Tuesday, 27 April 2010

Levin vs. Blankfein Faceoff

Some quick observations on the performance of Goldman Sachs' CEO at the roasting before Congress today:

1. Blankfein technically outpointed Senator Levin during the opening exchange, I think -- Levin doesn't have a particularly deep understanding of high finance -- but Goldman's chief lost the big point: how Goldman's actions appear to Main Street. Basically Blankfein condoned the practice of "betting against a product you're selling." That's the damning headline. Here's what it sounds like to Joe Blow: I sell you my car, and meanwhile, I bet with someone on the side that the car will break down within six months. No graceful way to put lipstick on that pig.

2. Notice how often Blankfein used the phrase "market maker" when facing off with Levin? Nice defense except -- Levin wasn't really interested in being tutored on what a market maker does. Levin was too busy cudgeling the head of the investment bank with the "conflict of interest" point. Main Street doesn't understand "market maker." It does, however, understand quite well "conflict of interest."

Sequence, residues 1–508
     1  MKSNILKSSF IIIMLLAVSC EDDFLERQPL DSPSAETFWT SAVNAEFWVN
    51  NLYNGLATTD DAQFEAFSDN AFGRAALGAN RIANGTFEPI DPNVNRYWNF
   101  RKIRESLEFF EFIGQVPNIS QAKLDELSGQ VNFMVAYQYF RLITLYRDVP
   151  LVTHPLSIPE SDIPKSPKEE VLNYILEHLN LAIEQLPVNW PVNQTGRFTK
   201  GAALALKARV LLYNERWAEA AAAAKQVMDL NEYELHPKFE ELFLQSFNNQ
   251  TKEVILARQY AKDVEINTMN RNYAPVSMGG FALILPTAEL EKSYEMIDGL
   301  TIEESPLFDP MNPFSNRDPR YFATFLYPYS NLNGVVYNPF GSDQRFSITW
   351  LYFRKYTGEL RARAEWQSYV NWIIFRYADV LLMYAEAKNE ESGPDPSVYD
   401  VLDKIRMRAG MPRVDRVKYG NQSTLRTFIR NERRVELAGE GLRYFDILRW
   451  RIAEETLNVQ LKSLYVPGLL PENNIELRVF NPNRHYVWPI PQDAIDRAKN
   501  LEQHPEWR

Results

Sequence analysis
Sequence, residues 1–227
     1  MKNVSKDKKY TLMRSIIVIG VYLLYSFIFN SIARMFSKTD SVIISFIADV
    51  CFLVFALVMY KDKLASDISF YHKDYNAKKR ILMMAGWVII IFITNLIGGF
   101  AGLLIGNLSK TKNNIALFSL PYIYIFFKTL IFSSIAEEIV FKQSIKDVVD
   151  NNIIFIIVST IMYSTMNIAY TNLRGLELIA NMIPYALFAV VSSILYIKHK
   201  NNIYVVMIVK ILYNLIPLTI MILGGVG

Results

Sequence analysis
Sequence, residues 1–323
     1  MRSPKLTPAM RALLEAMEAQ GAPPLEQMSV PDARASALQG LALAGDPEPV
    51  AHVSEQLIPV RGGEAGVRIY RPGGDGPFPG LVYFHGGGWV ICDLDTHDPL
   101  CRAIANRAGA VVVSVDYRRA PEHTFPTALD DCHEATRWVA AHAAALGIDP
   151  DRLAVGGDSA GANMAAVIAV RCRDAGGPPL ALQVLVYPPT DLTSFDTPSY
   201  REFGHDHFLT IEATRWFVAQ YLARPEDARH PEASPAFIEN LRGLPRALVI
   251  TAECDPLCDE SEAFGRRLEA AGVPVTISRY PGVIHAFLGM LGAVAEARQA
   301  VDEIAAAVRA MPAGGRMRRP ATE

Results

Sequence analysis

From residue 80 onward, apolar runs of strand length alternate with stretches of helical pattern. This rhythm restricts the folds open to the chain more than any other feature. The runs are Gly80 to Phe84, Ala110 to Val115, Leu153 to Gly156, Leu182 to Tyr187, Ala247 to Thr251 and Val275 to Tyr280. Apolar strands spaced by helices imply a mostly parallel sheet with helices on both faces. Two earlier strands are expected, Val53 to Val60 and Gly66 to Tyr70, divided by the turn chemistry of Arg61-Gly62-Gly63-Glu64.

3. Is the successful beating up on Goldman a sign that the investment banks have been hoisted on the petard of the complexity they nurtured? They produced synthetic CDOs that the rating services couldn't understand and mis-rated; these same synthetic CDOs were so complicated, with so many sliced and diced mortgage-backed securities underlying, that arguably the disclosure standard should have been higher than normal, even for sophisticated investors; "synthetic CDOs" are raising a lot of eyebrows among members of Congress who are wondering -- "What the hell is the point of something that's this damn confusing? There's got to be a rat in this woodpile."

4. Senator McCaskill scored points, along with McCain, by noting that with a synthetic CDO, there's no real there there. It's just a side bet on actual assets that have already been sold, so you're not actually buying anything concrete. McCaskill shook her head in befuddlement before saying, "seems like a hamster in a cage trying to get to compensation." Blankfein defended the product with some mumbo jumbo about managing risk profiles. But what we're left pondering is McCaskill's image of hamsters manically tunneling through the wood chips for dollar bills.

5. Is Blankfein this dumb, or did he have a convenient "idiot" moment: Senator Pryor asked him about structured investment vehicles (actually, Pryor used clumsier wording, and then Blankfein hastily corrected him, knowledgeably saying "structured investment vehicles.") And then Blankfein goes completely ignorant, it seems, when asked why the bank would use an SIV. His reply: "I'm not sure." (Cue laughtrack at home.)